WILKES-BARRE — When Officer Joseph Homza says his dog smells, he’s paying his K9 partner Chase a compliment.
The pair demonstrated their working relationship in the basement garage of the Wilkes-Barre police headquarters where 16 students in the Kistler Summer Program started their 90-minute tour last week.
“Who knows what we use the dog for?” Homza asked the kids lined up with their adult aides before him.
Yes, he captures bad guys, Homza agreed. But he described Chase as having a superior sniffer. “Their main purpose is for their nose,” he said.
Dogs can be trained to search for missing people, cell phones, bed bugs, cancer cells, you name it, Homza pointed out. “My dog is trained to smell five different drugs.”
Return to service
Chase, a 3-year-old German Shepherd and Belgian Malinois mix, is back nosing around after being reactivated last week following a six-month hiatus. Mayor Tony George ordered Chase to be taken out of service in January, following the dog’s biting of a police officer during an arrest. It was the third bite and the mayor wanted Chase and the department’s other K9, Skoty, to be evaluated to determine if they were suited for police work.
Skoty and Officer Daniel Roper still need some additional training for them to be placed in service. Roper was assigned to work with Skoty as a result of a settlement in an arbitration and has to be brought up to speed with the dog who had been paired with another officer.
The answer about Chase’s suitability was evident to the kids who watched the dog and Homza work together to find drugs hidden in the latch of a compartment of a police utility truck.
Back and forth along the truck Homza led Chase on a leash. The dog sniffed the tailpipe and hit on the rear compartment, sitting down in front of it.
“We trained him just to sit and stare at it,” Homza explained. “All I put in there was a cotton ball that was in a container that had drugs in it.”
The cotton ball had the scent of marijuana on it.
For the dog’s effort, Homza rewarded Chase with a squeeze ball to chomp. The officer grabbed the tail attached to the ball and tried to yank it out the dog’s mouth. His jaw was clenched so tight, Homza swung Chase around off the floor to the delight of the dog.
“He earned it so he’s going to keep it,” Homza said.
Eventually, Chase gave it up on the command of Homza who then directed the dog to attack the protective sleeve worn by Sgt. Phil Myers. Chase clamped onto it and yanked it off.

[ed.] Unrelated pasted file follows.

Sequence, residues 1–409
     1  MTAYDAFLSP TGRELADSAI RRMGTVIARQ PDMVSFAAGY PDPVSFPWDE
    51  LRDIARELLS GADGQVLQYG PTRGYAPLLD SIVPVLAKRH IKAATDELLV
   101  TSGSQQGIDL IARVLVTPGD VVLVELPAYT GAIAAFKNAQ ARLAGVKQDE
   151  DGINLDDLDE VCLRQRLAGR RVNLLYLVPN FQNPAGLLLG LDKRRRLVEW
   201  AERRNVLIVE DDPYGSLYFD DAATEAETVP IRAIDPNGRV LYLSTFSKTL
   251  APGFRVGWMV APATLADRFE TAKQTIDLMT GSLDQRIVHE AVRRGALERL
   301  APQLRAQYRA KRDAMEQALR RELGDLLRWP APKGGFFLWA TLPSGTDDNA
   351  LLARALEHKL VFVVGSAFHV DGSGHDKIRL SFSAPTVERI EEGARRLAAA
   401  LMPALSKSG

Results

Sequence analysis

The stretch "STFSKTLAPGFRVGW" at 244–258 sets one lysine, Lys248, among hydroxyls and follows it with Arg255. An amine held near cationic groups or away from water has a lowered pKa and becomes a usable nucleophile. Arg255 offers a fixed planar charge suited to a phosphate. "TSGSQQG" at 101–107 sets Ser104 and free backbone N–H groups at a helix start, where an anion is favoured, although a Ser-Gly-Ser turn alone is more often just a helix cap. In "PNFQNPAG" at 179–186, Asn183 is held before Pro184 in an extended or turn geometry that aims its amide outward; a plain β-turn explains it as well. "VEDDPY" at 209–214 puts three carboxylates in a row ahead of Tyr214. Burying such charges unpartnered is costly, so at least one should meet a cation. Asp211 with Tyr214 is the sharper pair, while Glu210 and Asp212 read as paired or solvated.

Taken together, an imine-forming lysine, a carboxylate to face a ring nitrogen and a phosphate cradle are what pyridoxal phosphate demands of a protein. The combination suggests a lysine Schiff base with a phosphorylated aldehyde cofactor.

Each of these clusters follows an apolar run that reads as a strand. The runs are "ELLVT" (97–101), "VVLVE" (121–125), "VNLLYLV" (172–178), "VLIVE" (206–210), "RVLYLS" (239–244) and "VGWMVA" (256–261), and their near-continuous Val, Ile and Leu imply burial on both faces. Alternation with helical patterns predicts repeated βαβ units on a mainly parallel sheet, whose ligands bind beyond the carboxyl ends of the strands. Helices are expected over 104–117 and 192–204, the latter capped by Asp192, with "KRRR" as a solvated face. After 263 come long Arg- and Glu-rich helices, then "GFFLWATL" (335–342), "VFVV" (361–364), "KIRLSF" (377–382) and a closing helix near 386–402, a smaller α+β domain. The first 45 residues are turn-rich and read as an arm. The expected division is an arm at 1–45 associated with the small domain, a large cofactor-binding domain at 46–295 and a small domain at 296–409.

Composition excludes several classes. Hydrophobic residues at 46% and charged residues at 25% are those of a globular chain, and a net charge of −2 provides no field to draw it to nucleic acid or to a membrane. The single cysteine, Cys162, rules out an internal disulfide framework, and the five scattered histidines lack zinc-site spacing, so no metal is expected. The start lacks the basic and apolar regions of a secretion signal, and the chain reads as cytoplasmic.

Tactics and tech
Officer James Fisher showed off the bulletproof vest worn by Chase and a medical kit Homza keeps in the police vehicle that he and the dog patrol in.
“He can be injured just like we can,” Fisher told the kids.
The tour shifted to the tactical gear Officer Jeff Ferrence said he uses as a member of the Emergency Services Unit. He displayed high-tech night-vision goggles and a two-wheeled robot mounted with a camera and low-tech tools such as a battering ram and pry bars used to breach doors and open windows.
The group moved to the firing range where Ferrence fired rounds from semi-automatic and automatic weapons and Officer Kirk Merchel gave a demonstration on the use of a Taser.
“This is what we call less than lethal,” Merchel said. Tasers are used in instances where deadly force is unnecessary and deliver a five-second burst of 50,000 volts designed to temporarily immobilize a person. “It’s a long five seconds,” Merchel noted.
The next-to-last stop was the holding cell area, far from a “Please Touch Museum” where a hands-on experience is encouraged. Fisher cautioned that even though the cells are cleaned regularly they should avoid touching anything.
Finally, the kids enjoyed cold drinks and snacks, compliments of Commander Joseph Coffay, in the training room.
Abdul Evans, 12, came away informed and impressed, especially with the cells. “It was great,” Evans said.
Ten-year-old Kyiah Wheaton had fun too. “I liked the cells and the snack,” she said.
Reach Jerry Lynott at 570-991-6120 or on Twitter @TLJerryLynott.